Much of the attention of those who attended the Detroit Auto Show was focused on subcompacts and compacts. Among the most notable are the Asian entries, which include a revamped Honda Civic, a small sporty coupe from Hyundai called the Veloster and a downsized Toyota Prius.
However, such traditional small-car models are competing with the Detroit 3's most serious offerings in decades. Fiat, which is Chrysler Group's partner, is launching the 500 minicar.
General Motors Co. unveiled the subcompact Chevrolet Sonic, which will compete with the Honda Fit, the newly launched Ford Fiesta and others. meet the demandFord Motor Co. will put its redesigned Ford Focus up against the newly launched Hyundai Elantra, Chevrolet Cruze and others.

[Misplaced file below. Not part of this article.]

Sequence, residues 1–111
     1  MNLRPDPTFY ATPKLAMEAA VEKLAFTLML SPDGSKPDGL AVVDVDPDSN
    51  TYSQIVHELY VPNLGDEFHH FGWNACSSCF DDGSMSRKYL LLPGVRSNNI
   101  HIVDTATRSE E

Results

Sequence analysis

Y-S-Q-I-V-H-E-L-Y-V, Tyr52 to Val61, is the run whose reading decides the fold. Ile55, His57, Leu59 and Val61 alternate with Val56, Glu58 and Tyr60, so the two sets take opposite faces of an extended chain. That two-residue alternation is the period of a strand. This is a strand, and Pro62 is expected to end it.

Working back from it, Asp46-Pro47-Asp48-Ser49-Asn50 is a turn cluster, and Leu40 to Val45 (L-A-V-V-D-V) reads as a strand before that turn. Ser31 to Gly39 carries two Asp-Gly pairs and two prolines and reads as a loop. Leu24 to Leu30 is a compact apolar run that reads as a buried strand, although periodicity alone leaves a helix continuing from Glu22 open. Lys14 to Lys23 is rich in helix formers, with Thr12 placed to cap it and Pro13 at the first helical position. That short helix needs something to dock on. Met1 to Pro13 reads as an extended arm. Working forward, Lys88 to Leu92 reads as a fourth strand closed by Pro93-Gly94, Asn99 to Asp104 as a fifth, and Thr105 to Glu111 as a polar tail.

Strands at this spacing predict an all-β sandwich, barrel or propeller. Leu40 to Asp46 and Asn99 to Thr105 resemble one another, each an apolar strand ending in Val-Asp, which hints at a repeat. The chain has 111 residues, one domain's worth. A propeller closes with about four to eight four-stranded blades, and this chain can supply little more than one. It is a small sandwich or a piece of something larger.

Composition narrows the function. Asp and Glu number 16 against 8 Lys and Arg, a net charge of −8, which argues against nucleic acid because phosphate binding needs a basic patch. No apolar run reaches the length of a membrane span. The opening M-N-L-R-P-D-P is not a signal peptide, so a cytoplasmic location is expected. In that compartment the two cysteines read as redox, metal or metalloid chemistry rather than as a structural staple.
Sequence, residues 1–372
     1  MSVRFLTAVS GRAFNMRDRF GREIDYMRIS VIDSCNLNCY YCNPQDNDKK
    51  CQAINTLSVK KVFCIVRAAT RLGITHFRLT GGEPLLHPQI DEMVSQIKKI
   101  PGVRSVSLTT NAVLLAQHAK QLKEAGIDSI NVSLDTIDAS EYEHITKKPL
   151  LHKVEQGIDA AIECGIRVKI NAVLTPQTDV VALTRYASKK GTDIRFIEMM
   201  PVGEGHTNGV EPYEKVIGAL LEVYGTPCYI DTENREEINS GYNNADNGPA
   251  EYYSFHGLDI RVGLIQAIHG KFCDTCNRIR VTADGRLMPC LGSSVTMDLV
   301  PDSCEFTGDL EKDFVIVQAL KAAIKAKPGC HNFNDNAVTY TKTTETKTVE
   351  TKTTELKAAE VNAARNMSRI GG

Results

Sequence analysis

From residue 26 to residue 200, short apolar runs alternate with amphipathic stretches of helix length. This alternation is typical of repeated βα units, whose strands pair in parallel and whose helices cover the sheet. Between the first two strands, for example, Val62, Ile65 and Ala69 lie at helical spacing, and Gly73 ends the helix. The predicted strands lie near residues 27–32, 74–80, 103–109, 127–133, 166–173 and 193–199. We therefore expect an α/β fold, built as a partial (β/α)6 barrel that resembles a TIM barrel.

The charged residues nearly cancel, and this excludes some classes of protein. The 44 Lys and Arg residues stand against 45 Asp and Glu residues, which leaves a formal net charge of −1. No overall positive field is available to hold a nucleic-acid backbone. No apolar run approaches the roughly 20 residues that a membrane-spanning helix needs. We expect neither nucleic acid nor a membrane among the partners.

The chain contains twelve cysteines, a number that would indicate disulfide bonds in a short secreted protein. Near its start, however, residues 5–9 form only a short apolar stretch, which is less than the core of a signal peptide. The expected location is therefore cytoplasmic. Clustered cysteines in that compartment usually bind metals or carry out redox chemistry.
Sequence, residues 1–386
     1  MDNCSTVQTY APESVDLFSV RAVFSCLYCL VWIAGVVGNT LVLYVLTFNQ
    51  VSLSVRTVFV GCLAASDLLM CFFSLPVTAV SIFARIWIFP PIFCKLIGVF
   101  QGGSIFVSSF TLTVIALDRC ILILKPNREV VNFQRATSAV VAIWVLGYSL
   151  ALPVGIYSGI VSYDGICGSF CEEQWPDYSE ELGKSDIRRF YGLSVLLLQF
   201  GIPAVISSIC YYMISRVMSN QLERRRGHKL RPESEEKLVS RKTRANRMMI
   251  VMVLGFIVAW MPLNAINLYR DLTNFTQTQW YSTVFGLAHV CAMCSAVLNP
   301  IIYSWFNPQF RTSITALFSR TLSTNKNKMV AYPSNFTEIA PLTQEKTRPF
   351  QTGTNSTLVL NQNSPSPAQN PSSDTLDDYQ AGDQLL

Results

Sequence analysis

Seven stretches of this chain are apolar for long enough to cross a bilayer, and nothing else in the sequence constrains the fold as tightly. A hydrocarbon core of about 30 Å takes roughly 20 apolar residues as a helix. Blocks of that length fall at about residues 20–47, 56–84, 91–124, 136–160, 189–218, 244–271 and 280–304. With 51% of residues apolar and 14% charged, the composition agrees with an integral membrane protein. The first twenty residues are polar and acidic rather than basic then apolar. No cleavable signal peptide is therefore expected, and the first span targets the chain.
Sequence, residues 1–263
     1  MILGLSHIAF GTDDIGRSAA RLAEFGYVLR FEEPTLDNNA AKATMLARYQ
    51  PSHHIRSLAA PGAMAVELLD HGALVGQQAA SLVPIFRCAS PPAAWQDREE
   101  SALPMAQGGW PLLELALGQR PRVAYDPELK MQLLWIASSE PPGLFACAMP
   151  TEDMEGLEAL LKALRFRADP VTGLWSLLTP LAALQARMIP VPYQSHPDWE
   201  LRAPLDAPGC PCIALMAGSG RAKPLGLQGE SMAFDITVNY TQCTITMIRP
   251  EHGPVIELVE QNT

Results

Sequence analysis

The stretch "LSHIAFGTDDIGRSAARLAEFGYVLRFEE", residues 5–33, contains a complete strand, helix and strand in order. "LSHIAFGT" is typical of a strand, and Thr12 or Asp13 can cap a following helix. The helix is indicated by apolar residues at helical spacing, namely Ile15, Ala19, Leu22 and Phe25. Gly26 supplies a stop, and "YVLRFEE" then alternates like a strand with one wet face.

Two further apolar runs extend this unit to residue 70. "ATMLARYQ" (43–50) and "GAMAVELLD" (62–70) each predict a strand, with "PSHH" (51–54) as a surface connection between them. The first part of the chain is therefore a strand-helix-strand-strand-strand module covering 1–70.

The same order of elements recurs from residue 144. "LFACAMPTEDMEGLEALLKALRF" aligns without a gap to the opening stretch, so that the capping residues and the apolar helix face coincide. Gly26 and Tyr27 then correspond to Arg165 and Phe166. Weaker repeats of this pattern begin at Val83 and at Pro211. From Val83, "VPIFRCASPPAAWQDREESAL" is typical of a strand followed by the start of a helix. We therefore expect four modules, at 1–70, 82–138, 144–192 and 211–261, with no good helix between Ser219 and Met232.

The domestic brands are settling in a small-car segment that should grow faster than the broader market in coming years - especially if gasoline prices continue to rise. Plus, small cars will help with fuel-economy standards that get steadily tougher through 2016.
The entries also indicate just how automakers view small cars now. It used to be that companies considered these models to be loss leaders but they tolerated them because they help them meet the corporate average fuel economy standards and this enables them to continue to sell gas-guzzling and higher-margin pickups and SUVs.
Jeff Schuster, head of global forecasting for J.D. Power and Associates, calls this group of smaller vehicles from the Detroit 3 as being “truly competitive” for the first time ever. [via autonews - sub. required]